“I ask everyone who is listening and seeing me now across the world to take a stand. Stop the killing of civilians,” he said, speaking from southern Turkey.
The 2016 “The White Helmets” was one of two films about Syria nominated in this year's category for Best Documentary Short. The other, “Watani: My Homeland,” focuses on the voyage of one family from war into exile.
Taken together, the films offer glimpses of Syria's broader tragedy, sending a strong message as to why the country's exodus continues, and why for many, the decision to leave their homeland is among the hardest they will ever make.
The White Helmet volunteers have operated for years in rebel-held zones in Syria, helping pull survivors from the rubble of buildings hit by airstrikes and bombardments. The group has won several humanitarian awards and was thought to be in the running for last year's Nobel Peace Prize, which went to Colombian President Juan Manuel Santos for his role in helping negotiate a peace deal to end a civil war of more than 50 years.
The Oscar-winning documentary follows a White Helmets team from the northern city of Aleppo as it struggles against the exhausting pace of barrel bombs and airstrikes.
“We are not happy to do what we do. We abhor the reality we live in,” Saleh said in a separate statement late Sunday.
Almost six years into Syria's brutal war, more than 150 White Helmets have been killed in the line of duty. Some were bombed at the site of an earlier blast. Last fall, the Aleppo headquarters seen in “The White Helmets” film was hit twice in the same day.
But as the film shows, leaving the war zone isn't easy, either.
In a sequence filmed in southern Turkey, where the Aleppo team has been sent for a training course, the men are glued to their phones, powerless to help as they watch news of fresh airstrikes on the tiny screens.
The pain of that gulf is also a key theme of “Watani,” the other Oscar-nominated offering filmed in Syria.
Directed by Spanish filmmaker Marcel Mettelsiefen, the 40-minute documentary follows the journey of Hala Kamil, a woman from Aleppo whose husband fought as a rebel in the uprising against the government of Syrian President Bashar al-Assad.
When he is kidnapped by Islamic State militants, she is forced to decide whether to wait for him as the fighting closes in or to take their children to safety.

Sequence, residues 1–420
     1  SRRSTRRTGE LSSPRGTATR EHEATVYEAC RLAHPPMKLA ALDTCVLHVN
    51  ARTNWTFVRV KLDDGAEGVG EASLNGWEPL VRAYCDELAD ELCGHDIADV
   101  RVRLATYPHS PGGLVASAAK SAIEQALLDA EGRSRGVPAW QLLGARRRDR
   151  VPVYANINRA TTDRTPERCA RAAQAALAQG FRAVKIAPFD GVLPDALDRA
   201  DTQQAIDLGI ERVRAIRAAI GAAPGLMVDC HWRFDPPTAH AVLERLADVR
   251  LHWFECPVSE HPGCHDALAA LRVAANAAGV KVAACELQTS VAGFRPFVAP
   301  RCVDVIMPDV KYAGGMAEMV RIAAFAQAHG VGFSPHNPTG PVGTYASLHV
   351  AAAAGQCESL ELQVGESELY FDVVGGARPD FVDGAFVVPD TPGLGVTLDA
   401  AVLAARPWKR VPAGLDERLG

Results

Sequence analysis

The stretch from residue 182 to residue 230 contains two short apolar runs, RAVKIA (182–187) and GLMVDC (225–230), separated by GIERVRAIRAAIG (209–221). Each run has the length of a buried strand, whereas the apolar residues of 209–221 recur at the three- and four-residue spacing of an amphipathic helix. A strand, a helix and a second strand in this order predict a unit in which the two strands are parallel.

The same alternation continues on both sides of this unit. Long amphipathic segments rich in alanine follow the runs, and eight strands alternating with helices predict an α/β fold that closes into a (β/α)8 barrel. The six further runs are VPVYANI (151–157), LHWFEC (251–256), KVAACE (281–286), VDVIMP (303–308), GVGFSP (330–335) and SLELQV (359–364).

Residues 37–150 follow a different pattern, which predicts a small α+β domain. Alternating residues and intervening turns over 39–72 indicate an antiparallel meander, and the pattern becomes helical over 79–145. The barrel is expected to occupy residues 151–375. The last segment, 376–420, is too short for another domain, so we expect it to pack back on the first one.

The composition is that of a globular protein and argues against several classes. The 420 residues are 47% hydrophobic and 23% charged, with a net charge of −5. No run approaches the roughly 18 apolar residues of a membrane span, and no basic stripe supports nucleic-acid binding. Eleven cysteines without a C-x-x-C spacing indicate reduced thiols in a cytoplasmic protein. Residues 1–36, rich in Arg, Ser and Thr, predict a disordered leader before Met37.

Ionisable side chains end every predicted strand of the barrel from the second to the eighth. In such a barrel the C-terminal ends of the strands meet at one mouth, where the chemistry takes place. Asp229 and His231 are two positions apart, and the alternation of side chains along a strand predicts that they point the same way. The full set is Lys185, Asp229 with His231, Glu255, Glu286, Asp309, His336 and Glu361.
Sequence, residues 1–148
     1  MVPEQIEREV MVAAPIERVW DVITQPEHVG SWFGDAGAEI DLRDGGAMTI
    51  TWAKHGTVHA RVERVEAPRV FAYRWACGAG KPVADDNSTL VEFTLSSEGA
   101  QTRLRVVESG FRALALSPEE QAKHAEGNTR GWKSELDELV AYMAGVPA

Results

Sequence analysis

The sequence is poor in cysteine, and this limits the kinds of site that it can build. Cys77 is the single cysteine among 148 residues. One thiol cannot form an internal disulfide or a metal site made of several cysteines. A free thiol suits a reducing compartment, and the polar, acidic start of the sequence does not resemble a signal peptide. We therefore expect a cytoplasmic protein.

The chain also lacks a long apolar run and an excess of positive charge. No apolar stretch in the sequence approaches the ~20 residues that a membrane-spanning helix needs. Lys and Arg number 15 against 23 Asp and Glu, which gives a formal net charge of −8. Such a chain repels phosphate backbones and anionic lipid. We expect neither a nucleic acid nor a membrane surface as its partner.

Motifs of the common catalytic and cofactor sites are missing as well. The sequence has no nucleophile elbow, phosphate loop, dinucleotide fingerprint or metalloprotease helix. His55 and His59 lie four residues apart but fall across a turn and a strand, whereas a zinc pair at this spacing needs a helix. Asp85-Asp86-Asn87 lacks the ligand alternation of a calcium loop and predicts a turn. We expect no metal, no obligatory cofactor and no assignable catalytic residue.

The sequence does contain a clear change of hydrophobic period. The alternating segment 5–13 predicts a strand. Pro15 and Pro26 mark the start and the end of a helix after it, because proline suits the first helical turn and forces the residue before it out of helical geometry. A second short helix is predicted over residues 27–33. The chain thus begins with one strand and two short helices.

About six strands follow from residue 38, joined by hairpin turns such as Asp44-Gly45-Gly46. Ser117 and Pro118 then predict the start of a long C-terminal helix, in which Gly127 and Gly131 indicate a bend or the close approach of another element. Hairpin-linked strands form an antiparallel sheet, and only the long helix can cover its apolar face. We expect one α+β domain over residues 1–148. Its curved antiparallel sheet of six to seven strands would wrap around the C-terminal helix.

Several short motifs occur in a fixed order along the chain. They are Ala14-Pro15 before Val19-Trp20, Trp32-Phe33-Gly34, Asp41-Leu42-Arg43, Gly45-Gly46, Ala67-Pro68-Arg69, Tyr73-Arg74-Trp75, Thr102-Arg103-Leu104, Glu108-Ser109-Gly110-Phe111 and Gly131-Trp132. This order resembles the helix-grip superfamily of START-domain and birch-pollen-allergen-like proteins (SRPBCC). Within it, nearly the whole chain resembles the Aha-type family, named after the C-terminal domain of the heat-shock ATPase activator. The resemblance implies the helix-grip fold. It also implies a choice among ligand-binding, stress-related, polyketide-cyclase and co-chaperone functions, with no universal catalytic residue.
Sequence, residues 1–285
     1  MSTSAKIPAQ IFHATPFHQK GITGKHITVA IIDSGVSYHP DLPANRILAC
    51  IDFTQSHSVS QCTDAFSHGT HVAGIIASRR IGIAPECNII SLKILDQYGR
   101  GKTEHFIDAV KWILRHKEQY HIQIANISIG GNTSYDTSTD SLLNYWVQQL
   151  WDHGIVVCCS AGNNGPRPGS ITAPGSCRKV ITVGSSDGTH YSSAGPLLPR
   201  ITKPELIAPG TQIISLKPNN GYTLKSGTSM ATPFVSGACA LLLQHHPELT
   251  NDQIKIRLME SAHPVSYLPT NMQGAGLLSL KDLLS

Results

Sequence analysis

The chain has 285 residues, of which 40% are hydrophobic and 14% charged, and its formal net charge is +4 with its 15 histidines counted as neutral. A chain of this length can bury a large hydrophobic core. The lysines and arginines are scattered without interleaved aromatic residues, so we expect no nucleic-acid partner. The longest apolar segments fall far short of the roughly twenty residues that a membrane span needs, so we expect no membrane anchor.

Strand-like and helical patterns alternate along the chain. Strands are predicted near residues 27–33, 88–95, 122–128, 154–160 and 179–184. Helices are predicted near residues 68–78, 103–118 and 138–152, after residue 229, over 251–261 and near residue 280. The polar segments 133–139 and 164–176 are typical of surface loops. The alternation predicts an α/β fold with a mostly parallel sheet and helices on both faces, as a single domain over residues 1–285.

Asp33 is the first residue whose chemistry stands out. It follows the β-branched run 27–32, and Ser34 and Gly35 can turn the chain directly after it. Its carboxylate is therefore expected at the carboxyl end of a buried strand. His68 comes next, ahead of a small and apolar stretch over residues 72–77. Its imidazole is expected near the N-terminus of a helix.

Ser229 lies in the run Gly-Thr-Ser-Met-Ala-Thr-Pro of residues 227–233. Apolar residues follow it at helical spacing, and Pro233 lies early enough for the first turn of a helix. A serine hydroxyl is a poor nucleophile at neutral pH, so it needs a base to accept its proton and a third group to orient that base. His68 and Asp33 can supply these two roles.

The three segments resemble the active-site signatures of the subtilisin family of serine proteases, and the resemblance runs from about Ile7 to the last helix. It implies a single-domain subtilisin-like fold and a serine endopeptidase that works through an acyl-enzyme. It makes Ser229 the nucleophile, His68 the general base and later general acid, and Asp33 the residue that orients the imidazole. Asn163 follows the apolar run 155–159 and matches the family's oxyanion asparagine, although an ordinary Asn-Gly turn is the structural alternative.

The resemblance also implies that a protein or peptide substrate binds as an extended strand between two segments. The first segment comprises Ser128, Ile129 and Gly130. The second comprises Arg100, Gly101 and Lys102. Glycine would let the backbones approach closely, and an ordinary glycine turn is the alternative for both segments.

“Hala might be physically in Germany now, but she's emotionally trapped in her past,” said Mettelsiefen, who shot the footage on successive trips to Aleppo before the rise of the Islamic State made journeys through northern Syria impossible.
“Going through the hours of interviews, Hala's own feelings became clear. She knew she would have to leave Syria, and in the process to feel like she had died inside, in order for her children to live,” he said. “This wasn't a choice that any of them had asked for.”
That message is echoed by the millions of Syrian refugees across neighboring Turkey, Lebanon and Jordan.
Sitting in an informal tent settlement in Lebanon's Bekaa Valley earlier this month, a 43-year-old former nurse from the Syrian capital, Damascus, put it this way: “If you passed us in the street, you would assume we'd been refugees our whole life. But no one leaves their homes unless they have to. I had a family back in Syria, I had a life. Now I'm just an old refugee. No one thinks I have dignity or a history.”
As the Academy Award proceedings began in Hollywood, the White Helmets posted news to their Twitter account that toxic substances had been dropped on civilian homes in the countryside around Damascus, leaving people in the area struggling to breathe.
Another message showed the rescue workers digging a child out from the twisted rubble of his home in the northwestern province of Idlib.
“When 'The White Helmets' was announced a winner of the Academy Award, our team in Ariha, Idleb was rescuing a child,” read the accompanying message.